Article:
PCM Stereo 2.0 (24/96) (DVD)46:41
Original 1973 Stereo Mix (30th Anniversary Remaster) (DVD)46:41
Larks' Tongues In Aspic (Part I) (Alt Mix) (DVD)11:13
Book Of Saturday (Alt Take) (DVD)2:56
Exiles (Alt Mix) (DVD)7:47
Easy Money (Jamie Muir Solo) (DVD)7:24
The Talking Drum (Alt Mix) (DVD)8:58
Larks' Tongues In Aspic (Part II) (Alt Mix) (DVD)6:59
Easy Money (Alt Take) (DVD)7:25
Original 1973 Stereo Mix (30th Anniversary Remaster) PCM Stereo 2.0 (24/48) (DVD)46:41
Improv: The Rich Tapestry Of Life (Video - Live In The Studio, Bremen)29:49
Exiles (Video - Live In The Studio, Bremen)7:52
Larks' Tongues In Aspic (Part I) (Video - Live In The Studio, Bremen)6:51
Larks' Tongues In Aspic (Part I) (Video - Original Broadcast Version)6:51
Larks' Tongues In Aspic (Part I) (Alternate Takes & Mixes)11:13
Book Of Saturday (Alternate Takes & Mixes)2:56
Exiles (Alternate Takes & Mixes)7:47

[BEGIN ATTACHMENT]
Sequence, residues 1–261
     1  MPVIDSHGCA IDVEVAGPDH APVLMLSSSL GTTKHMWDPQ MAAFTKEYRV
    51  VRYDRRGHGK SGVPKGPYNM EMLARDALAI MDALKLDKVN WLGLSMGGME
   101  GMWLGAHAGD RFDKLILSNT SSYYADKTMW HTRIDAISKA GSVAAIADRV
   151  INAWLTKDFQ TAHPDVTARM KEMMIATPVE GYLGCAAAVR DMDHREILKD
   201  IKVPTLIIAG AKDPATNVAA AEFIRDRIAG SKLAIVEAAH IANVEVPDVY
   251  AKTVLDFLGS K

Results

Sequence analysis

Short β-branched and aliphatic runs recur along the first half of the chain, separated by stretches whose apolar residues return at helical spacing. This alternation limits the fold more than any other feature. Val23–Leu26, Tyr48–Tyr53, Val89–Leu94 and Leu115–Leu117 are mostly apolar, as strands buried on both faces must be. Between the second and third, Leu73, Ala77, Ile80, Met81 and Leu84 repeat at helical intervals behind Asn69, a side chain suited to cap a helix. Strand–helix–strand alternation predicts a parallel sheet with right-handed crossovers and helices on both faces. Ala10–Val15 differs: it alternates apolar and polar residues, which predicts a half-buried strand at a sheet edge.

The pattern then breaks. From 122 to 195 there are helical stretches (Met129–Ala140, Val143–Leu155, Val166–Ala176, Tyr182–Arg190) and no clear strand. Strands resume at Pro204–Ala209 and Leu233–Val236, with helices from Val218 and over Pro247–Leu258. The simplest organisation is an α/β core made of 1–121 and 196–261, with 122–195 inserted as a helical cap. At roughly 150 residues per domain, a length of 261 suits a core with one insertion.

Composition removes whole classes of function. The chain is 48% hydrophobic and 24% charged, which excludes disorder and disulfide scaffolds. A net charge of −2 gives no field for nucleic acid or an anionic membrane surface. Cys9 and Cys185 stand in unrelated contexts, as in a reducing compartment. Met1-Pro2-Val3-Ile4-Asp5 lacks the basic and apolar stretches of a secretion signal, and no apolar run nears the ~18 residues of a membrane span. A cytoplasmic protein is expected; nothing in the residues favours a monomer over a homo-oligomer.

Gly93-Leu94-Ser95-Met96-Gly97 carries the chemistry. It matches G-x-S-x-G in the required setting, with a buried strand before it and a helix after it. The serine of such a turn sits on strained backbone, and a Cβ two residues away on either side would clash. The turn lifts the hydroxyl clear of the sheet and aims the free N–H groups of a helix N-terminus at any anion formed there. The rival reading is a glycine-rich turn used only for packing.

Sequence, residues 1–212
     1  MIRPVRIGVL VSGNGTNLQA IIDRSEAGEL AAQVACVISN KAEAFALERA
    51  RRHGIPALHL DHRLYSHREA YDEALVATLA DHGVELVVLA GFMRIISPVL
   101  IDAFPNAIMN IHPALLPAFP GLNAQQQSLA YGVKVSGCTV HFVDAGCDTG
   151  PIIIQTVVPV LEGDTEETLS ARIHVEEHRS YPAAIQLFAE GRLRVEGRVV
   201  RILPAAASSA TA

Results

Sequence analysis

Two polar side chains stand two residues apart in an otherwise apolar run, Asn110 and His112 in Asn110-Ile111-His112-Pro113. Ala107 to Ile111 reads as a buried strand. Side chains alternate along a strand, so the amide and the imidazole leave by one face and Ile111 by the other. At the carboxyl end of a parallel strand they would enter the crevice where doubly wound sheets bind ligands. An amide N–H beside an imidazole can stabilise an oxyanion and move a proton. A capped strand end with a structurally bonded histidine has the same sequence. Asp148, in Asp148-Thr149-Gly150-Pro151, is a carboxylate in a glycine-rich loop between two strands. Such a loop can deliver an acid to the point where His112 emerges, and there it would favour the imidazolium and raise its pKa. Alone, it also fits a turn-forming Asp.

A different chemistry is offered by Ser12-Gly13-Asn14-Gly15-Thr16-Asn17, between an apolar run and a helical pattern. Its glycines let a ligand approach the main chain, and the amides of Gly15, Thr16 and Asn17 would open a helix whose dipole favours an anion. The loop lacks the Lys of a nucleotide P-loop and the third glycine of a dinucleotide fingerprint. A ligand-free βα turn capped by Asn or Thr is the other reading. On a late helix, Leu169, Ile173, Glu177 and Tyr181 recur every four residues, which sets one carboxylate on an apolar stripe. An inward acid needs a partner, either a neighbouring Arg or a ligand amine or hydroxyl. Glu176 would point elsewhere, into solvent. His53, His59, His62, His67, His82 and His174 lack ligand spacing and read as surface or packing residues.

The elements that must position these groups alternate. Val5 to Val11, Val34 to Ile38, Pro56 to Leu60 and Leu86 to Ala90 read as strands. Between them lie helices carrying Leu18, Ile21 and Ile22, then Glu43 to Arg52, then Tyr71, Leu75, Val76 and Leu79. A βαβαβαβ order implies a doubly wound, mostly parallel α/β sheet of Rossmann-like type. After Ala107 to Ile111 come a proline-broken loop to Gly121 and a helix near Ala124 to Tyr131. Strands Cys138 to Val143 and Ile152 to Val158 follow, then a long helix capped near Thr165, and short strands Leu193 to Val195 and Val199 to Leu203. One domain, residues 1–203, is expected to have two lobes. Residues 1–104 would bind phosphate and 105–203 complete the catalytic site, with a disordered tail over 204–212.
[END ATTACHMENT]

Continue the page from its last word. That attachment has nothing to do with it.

The Talking Drum (Alternate Takes & Mixes)6:58
Larks' Tongues In Aspic (Part II) (Alternate Takes & Mixes)6:59
Easy Money (Alternate Takes & Mixes)7:25
Original Album Remixed In DTS-HD Surround (Blu-ray)46:41
Original Album Remixed In PLCM 5.1 Surround (Blu-ray)46:41
2012 Stereo Album Mix (Blu-ray)46:46
Original 1973 Stereo Mix - 30th Anniversary Remaster (Blu-ray)46:41
Alternative Takes & Mixes (Blu-ray)50:46
Larks' Tongues In Aspic Session Reels (Blu-ray)79:18
Original UK Vinyl Transfer In LPCM Stereo (24/96) (Blu-ray)46:41
Original US Vinyl Transfer In LPCM Stereo (24/96) (Blu-ray)46:41
Live In The Studio In LPCM Dual Mono (24/96) (Blu-ray)51:23
Video Content In PLCM Dual Mono (24/96) (Blu-ray)51:23
Improv: The Rich Tapestry Of Life (Blu-ray)29:49
Exiles (Blu-ray)7:52
Larks' Tongues In Aspic (Part I) (Blu-ray)6:51
Larks' Tongues In Aspic (Part II) (Original Broadcast Version) (Blu-ray)6:51
Original Release: 1973-03-23
Composer: Robert Fripp, John Wetton, Bill Bruford, David Cross, Jamie Muir
Arranged By: King Crimson
Producer: King Crimson
UPC: 633367197320